Related to: 'A Tall Man In A Low Land'

Little, Brown

Connie

Harry Pearson
Authors:
Harry Pearson

Abacus

The Trundlers

Harry Pearson
Authors:
Harry Pearson

Some men are born medium-paced, some achieve medium-pace, and some have medium-pace thrust upon them.Bowlers who take wickets not with pace or spin, but - at speeds between 65 and 85mph - by nagging accuracy are the commonest in cricket. So far, however, nobody has paid them any attention. Yet seam bowling remains one of cricket's most mysterious arts. George Hirst, one of the best early exponents of swerve, was as puzzled by it as his opponents. 'Sometimes it works,' he said, 'and sometimes it doesn't.'Examining the history of medium-pace bowling, explaining how swing both normal and reverse actually works, and telling the story of some of the great and not-so-great dobbers such as Shackleton ('His bowling, like his hair, never less than immaculate,' noted Wisden approvingly), Trundlers will bring bread-and-butter bowlers who 'do a bit off the seam', 'wobble the odd one about' or simply 'nag away at off-stump' out into the limelight for the first time. Warm, affectionate and told with Harry Pearson's trademark humour, Trundlers celebrates dobbers in all their sleeves-rolled-up, uncomplaining workaday glory.

Abacus

Racing Pigs And Giant Marrows

Harry Pearson
Authors:
Harry Pearson

Following his acclaimed book about football in the north-east,THE FAR CORNER, Harry Pearson vowed that his next project would not involve hanging around outdoors on days so cold that itinerant dogs had to be detached from lamp-posts by firemen. It would be about the summer: specifically, about a summer of shows and fairs in the north of England.Encompassing such diverse talents as fell-running, tupperware-boxing and rabbit fancying (literally), and containing many more jokes about goats than is legal in the Isle of Man, Racing Pigs and Giant Marrows is without doubt the only book in existence to explain the design faults of earwigs and expose English farmers' fondness for transvestism. Warm, wise and very funny, it confirms increasing suspicions that Harry Pearson is really quite good.

Abacus

Dribble!

Harry Pearson
Authors:
Harry Pearson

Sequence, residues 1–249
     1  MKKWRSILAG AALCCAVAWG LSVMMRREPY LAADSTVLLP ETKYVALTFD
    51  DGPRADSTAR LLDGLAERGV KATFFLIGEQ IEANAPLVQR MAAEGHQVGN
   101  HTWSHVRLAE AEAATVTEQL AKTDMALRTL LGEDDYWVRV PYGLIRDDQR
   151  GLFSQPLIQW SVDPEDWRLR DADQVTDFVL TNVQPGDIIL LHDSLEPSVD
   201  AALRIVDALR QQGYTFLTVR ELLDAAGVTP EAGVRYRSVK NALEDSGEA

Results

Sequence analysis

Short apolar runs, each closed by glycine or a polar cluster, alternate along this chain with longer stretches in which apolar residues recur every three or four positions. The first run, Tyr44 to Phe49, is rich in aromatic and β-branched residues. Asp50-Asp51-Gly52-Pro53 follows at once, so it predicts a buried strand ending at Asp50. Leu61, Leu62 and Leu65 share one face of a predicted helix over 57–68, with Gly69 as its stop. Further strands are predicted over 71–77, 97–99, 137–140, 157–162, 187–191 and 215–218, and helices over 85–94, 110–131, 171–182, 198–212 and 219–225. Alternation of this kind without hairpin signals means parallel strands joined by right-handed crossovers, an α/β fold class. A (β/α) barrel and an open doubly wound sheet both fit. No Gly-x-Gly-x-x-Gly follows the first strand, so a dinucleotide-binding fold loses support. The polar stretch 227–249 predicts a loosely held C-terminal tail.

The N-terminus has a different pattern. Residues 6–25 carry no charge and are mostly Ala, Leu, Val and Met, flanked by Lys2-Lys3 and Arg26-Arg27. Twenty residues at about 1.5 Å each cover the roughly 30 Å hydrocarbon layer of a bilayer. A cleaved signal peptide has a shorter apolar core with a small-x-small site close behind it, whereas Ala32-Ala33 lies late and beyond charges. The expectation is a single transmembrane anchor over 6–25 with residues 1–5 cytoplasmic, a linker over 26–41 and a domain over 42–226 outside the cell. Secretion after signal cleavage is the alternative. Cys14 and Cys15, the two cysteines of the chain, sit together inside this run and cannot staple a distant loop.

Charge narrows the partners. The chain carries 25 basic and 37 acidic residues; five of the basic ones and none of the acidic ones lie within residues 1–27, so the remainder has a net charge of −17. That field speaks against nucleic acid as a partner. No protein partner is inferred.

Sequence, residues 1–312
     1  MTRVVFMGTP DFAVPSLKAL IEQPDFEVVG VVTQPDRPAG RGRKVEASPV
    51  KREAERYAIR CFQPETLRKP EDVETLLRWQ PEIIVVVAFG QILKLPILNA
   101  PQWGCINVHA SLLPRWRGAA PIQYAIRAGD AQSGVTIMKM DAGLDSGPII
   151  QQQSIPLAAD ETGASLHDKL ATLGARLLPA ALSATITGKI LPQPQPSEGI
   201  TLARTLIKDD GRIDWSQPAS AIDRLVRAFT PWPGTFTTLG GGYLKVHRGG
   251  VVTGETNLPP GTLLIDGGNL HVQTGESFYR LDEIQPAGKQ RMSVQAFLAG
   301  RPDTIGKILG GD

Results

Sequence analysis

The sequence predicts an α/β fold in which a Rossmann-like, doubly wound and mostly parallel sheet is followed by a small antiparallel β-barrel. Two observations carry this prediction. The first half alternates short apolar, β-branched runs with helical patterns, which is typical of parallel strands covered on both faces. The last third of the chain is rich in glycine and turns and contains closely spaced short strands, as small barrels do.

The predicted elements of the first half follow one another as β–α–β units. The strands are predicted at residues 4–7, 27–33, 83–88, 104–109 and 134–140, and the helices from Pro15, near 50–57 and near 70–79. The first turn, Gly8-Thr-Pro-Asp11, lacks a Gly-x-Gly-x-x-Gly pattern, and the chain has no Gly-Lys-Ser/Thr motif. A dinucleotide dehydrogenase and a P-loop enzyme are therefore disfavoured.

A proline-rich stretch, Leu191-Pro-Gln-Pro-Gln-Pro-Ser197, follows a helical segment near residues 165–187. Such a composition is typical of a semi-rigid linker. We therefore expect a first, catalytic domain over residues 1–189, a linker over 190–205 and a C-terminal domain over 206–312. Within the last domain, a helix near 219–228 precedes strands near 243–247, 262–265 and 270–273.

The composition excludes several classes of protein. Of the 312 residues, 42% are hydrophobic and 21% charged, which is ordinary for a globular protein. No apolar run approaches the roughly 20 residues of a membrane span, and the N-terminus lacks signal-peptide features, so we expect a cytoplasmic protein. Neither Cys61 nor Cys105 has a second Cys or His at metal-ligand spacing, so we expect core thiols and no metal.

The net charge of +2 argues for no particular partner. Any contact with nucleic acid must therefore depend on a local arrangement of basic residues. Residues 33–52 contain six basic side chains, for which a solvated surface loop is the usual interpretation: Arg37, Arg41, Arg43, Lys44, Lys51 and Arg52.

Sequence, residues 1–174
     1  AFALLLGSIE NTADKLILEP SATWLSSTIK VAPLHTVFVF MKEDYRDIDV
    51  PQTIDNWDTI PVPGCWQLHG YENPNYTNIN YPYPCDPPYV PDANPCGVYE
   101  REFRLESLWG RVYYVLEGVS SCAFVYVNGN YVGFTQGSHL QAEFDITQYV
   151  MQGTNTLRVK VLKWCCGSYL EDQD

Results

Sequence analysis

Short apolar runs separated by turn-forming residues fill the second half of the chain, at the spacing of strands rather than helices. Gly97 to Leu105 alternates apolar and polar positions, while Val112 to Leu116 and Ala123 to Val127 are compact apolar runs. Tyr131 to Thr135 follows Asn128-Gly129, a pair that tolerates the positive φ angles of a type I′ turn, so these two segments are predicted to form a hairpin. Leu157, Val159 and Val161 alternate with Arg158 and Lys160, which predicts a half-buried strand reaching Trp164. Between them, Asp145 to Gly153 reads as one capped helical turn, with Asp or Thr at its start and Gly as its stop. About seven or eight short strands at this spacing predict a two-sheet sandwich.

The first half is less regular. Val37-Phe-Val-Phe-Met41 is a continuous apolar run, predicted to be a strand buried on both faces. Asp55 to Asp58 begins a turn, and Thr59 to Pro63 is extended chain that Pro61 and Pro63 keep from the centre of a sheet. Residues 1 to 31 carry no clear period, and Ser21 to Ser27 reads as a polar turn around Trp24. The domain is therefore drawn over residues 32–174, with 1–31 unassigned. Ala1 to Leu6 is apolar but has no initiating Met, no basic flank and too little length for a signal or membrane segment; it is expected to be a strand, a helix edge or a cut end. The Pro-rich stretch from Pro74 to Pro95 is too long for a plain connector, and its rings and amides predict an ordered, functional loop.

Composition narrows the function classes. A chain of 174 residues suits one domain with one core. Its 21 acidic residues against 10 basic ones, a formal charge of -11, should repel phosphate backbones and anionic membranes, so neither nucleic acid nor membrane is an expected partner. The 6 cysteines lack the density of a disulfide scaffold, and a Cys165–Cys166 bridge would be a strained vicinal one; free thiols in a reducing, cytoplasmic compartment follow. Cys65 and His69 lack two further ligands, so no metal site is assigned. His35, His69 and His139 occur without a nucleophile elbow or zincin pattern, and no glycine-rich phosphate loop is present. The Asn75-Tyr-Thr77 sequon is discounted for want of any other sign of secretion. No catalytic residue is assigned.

Ten years in the making, Dribble! is an A-Z of credulity-twanging facts and stories about what Pele once memorably dubbed 'my bloody job'. It includes definitive explanations of everyday phrases such as 'the magic of the cup' and 'low centre of gravity'; a complete guide to becoming a terrace character and an in-depth account of how Roy Keane's pyjamas got him a smack on the nose . . . It also addresses hitherto ignored aspects of the beautiful game, including its longstanding relationship with Country and Western. Johnny Cash dubbed himself 'The Man in Black' in homage to his idol, referee Arthur Ellis and wrote what is arguably the greatest song ever written about the life of an assistant referee - 'I Walk the Line'.

Abacus

Hound Dog Days

Harry Pearson
Authors:
Harry Pearson

A decade and one dog after penning the bestselling Racing Pigs And Giant Marrows, and inspired by the purchase of his new hound, a petit basset-griffon Vendeen called Little Man, Harry Pearson returns to the world of stalking, ferreting and beating with this ramble through the countryside.Harry Pearson was born into a dog-loving family and grew up with a variety of spaniels, terriers, collies and mongrels. He currently spends several hours every day running along behind a bassett-griffon pretending he really intended to go that way himself. Within these pages will be found anecdotes culled from forty-five years of living with dogs, wise observations on canine and human behaviour, historical tales of famous dogs, learned speculations on nature and descriptions of life in the real English countryside - a place where there are otters in the river, glue-sniffers in the woods and fisticuffs over fishing rights.